- Weight gain or loss
- Chest pain
- Heart problems
- Hair loss
How to Cope with Caregiver Burnout
Despite all of the negatives associated with caregiver burnout, there are plenty of ways to combat its effects. Pay close attention to yourself and your feelings – this is your first line of defense against burnout. Aside from that, here are some helpful strategies that can provide help for caregivers of cancer patients:
Recognize Your Symptoms – Pay attention to yourself! It’s important to not always dismiss things as “just stress” or chalk it up as a bad day. Catching your warning signs early goes a long way towards helping you combat them.
Ask For Help – As we’ve discussed, caregiving is a team effort. If you think you need help, ask a friend, family member, or medical professional for it.
Take Care of Yourself – Even though caretaking will take up much of your time, it’s important to still take care of yourself both mentally and physically. Drink plenty of fluids, eat well, and exercise as often as you can. Meditation and yoga have also proven to be beneficial.
Identify Your Sources of Stress – It’s helpful to make a list of the biggest causes of stress related to the care you are providing. This will make things more manageable for you and dissolve the feeling of being overwhelmed.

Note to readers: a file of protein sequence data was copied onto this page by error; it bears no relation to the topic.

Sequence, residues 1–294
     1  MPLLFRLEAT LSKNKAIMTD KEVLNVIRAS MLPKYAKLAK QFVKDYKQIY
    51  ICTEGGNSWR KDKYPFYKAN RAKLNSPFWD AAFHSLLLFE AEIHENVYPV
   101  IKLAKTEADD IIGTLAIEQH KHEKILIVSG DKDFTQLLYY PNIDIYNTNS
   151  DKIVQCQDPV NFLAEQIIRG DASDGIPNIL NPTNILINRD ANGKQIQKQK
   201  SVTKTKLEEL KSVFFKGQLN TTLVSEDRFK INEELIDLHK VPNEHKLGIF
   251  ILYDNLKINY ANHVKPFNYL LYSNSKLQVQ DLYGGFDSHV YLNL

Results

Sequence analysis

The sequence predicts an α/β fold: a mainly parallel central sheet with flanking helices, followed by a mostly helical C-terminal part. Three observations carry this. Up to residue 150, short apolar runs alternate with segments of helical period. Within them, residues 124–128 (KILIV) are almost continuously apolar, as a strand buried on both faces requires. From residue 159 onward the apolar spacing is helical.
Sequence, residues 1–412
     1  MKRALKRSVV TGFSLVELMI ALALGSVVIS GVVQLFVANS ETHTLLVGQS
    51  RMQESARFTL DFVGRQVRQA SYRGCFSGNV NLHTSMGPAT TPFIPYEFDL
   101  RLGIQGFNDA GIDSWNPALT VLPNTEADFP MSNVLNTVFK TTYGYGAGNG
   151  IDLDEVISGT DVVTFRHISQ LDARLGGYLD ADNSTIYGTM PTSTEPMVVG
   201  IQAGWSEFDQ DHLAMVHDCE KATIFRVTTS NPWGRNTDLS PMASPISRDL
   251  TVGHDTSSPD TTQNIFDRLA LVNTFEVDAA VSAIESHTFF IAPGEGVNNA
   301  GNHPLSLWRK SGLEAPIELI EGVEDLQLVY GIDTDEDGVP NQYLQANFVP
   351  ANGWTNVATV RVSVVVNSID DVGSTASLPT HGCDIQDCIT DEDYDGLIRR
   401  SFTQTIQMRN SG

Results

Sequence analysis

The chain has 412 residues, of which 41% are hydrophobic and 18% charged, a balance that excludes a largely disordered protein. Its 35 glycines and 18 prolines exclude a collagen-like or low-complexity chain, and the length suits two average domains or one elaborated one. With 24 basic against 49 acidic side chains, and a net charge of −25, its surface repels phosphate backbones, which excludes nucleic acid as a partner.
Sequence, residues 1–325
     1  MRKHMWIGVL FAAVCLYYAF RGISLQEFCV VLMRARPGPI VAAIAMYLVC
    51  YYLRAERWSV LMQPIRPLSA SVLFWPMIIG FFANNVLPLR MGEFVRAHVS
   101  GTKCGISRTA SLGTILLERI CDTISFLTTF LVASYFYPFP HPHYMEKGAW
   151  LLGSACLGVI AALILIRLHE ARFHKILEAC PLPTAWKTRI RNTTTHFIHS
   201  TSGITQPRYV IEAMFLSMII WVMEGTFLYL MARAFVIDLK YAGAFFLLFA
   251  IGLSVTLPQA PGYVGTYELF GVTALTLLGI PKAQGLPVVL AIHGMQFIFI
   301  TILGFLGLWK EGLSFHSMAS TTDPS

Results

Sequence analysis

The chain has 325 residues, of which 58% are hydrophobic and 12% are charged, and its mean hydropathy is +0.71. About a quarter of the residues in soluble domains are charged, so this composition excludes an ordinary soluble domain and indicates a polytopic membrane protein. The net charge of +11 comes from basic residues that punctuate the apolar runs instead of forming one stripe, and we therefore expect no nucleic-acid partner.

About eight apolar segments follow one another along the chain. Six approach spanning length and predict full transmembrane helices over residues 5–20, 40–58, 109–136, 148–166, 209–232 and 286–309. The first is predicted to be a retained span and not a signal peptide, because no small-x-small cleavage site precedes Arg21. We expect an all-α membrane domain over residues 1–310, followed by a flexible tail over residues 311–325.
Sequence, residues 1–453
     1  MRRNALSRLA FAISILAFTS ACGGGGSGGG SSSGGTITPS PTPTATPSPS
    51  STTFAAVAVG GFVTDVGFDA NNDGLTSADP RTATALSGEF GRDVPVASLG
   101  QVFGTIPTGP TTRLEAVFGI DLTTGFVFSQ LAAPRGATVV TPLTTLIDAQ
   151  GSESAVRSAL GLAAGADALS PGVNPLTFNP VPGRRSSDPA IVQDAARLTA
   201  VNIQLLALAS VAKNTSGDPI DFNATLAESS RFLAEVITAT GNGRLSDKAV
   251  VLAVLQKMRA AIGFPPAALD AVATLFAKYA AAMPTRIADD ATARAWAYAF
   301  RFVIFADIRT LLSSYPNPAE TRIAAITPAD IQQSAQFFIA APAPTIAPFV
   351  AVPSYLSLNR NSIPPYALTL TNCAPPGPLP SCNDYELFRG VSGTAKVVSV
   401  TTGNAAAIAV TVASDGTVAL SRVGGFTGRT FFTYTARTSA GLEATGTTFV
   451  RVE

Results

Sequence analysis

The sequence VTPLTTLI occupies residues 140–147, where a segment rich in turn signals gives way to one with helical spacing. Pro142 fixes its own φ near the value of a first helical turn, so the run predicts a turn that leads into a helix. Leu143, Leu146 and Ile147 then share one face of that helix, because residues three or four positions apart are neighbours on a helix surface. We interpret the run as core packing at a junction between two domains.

Take Time for Yourself – Do not be afraid to ask a friend or family member to take over for a day. It’s important to give yourself time to experience your own life throughout the care process.
Educate Yourself – Acquire as much information as you can relating to care and the sickness itself. This can be from books, the internet, or the medical professional in charge of care. Knowing is half the battle, and will help you deal with feelings of uncertainty.
Learn How to Say No – It’s ok to set limits on what you will and won’t do as it relates to caregiving. Learn how to politely decline suggestions that you may feel will be difficult to accomplish.